Film Review: Blade Runner 2049

by Lachlan Anderson

Rated MA15+. Starring Harrison Ford, Ryan Gosling. Directed by Denis Villeneuve.

When Ridley Scott’s Blade Runner was released in 1982 it was not met with universal acclaim, and took some time and several renewed versions to become the staple of science fiction cinema that it is today. It’s even now a standard high school English text in Australia. So it’s not so surprising that the sequel, Blade Runner 2049 is only just now in theatres, 35 years later. The new film by director Denis Villeneuve (Arrival, Sicario) and produced by Ridley Scott also jumps the action forward about 30 years.

Officer KD6-3.7 (Gosling) is a Blade Runner: a police officer tasked with hunting and disposing of rogue replicants, bioengineered humans that are used as a slave labour force among other things. In the line of duty he unearths a mystery that could have potentially world shattering implications.

Needless to say, if you haven’t seen Blade Runner, you should probably quickly go watch it now, not only because it’s a great film but also because 2049 carries on the story of the first, without really bothering to explain to you the backstory. The sequel is also in many ways a spiritual successor to the first. It’s a slow burner of a movie, focusing heavily on mood and tone instead of all out action. Visually it is even better than the first. Master cinematographer Roger Deakins is on fine form and visuals like the orangey haze of future Las Vegas will stick with you.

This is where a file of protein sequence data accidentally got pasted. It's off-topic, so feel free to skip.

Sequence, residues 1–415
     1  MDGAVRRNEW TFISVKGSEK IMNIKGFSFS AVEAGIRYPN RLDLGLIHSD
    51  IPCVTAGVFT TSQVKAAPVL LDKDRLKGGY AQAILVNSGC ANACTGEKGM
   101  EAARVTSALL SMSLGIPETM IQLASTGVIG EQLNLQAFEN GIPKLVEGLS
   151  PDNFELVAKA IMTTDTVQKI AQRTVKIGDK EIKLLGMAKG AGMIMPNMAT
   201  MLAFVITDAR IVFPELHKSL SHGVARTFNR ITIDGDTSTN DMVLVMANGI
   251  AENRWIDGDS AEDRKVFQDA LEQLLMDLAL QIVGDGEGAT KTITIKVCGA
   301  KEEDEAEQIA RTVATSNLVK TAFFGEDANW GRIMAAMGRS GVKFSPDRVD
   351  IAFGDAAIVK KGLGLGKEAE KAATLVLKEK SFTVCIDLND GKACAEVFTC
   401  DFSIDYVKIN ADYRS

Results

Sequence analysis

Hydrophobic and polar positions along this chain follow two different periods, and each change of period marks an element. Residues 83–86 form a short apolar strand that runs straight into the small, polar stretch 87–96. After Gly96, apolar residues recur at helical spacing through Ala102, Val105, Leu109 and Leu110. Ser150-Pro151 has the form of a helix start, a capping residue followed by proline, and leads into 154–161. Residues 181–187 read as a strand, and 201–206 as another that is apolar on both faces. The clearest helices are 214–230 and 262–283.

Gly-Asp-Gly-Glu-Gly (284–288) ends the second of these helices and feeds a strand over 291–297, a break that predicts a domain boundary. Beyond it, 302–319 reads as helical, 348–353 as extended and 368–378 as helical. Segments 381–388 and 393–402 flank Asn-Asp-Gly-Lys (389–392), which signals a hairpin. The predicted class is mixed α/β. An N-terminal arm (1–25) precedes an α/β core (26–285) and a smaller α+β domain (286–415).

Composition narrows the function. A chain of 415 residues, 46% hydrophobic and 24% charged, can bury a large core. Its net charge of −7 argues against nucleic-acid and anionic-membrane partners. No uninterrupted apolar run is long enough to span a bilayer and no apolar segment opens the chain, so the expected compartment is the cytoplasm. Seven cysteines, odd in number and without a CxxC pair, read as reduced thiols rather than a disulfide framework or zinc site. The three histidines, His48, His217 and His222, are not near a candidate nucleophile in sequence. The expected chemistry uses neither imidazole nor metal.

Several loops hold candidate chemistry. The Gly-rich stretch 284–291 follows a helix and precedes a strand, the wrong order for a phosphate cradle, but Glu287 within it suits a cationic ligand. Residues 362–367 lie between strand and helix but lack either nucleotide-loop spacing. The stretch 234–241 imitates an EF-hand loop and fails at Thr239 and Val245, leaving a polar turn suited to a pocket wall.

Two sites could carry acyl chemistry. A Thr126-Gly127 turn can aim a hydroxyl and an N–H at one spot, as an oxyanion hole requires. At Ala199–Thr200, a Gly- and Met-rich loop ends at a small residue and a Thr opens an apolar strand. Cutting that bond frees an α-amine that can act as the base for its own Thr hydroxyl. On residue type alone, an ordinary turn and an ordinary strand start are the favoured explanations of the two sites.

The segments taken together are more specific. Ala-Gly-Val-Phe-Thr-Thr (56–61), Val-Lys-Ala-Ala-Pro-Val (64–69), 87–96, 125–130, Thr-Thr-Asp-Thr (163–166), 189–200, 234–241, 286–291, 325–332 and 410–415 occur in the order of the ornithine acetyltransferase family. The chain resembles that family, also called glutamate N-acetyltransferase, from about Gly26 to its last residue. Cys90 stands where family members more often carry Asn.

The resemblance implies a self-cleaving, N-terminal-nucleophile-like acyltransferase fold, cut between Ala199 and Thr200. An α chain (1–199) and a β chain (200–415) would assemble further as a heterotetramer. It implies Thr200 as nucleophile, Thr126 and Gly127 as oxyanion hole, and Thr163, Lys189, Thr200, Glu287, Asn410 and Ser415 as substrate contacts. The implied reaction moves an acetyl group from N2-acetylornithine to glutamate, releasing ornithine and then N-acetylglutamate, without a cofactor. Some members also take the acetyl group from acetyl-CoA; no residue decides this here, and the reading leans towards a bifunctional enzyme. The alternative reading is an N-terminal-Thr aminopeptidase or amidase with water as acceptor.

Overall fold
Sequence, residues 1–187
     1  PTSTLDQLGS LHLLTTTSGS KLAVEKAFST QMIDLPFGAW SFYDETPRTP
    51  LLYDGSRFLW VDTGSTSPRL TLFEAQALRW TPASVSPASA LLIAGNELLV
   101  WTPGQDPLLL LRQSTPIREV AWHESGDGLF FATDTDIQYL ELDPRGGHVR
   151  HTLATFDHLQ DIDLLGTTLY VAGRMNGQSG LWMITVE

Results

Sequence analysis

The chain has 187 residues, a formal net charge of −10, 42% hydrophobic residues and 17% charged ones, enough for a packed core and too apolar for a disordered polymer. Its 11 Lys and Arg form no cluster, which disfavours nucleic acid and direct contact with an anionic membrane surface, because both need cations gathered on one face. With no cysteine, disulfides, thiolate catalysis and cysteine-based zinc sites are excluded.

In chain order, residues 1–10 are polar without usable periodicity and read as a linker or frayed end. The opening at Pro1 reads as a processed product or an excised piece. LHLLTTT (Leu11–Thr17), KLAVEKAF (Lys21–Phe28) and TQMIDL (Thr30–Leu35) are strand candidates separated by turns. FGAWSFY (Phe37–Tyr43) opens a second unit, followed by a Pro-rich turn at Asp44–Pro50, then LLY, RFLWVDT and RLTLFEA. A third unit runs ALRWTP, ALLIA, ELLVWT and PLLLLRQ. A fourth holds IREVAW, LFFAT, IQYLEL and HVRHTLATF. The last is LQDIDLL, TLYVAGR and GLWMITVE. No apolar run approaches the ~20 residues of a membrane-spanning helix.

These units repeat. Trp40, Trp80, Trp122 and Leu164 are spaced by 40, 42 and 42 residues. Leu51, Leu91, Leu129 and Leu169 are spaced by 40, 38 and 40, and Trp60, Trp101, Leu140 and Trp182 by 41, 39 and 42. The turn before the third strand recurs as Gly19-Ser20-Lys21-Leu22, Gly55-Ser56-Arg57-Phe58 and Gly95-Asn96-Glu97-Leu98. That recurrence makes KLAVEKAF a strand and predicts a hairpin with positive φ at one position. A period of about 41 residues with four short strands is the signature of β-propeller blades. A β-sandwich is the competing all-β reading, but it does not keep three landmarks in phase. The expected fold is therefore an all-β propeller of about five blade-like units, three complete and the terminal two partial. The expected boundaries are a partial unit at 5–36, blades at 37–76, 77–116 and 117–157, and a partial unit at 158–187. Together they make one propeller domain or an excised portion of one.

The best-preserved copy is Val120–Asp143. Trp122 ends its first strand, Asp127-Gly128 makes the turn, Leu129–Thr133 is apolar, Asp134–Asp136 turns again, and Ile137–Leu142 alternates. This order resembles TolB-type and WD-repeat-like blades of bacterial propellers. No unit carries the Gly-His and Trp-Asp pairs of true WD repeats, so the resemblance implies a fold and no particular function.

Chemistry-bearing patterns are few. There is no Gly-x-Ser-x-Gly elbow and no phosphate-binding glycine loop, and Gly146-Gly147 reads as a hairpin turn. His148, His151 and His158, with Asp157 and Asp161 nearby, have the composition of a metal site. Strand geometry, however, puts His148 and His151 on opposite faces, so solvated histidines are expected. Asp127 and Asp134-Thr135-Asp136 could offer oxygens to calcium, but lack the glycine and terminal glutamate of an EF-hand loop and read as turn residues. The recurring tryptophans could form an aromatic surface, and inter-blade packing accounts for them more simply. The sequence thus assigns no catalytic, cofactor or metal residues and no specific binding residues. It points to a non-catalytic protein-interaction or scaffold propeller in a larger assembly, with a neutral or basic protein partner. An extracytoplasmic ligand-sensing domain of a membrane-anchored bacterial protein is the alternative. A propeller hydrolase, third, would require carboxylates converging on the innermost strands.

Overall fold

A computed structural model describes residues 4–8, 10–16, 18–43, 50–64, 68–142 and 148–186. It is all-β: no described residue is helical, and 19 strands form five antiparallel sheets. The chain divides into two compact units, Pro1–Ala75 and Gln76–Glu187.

If any criticism can be made it is that, like the first film, the pace meanders too often and so audiences will likely feel the length of the film. Unsurprisingly a film with so many ideas to ponder takes a while to get to the point.

Both Blade Runner films are reflections on what it is to be human. What sets us apart and gives us meaning? Can we trust memory? The truth?

For the replicants of that world, these are not easy questions to answer, and they lead to inevitable violence. For us, we need look no further than two points in history. The first at the beginning of time, when the creator of the universe made humans in his image and gave them rule over the world he had created. Then on an early afternoon one day about two-thousand years ago that same God willingly died so his creation could be saved. We are made with love and given purpose, and our value is beyond precious to the one who died for us.

The Verdict: After 35 years Blade Runner returns, and the sequel doesn’t disappoint. Visually stunning, reflective and moody with just enough action to keep you excited. Despite its slow pace this is a real cinematic experience worth seeing on a big screen. It’s unlike most blockbusters you’ll see this year, and we’re thankful for it. 4.5/5

Blade Runner 2049 is in cinemas now.

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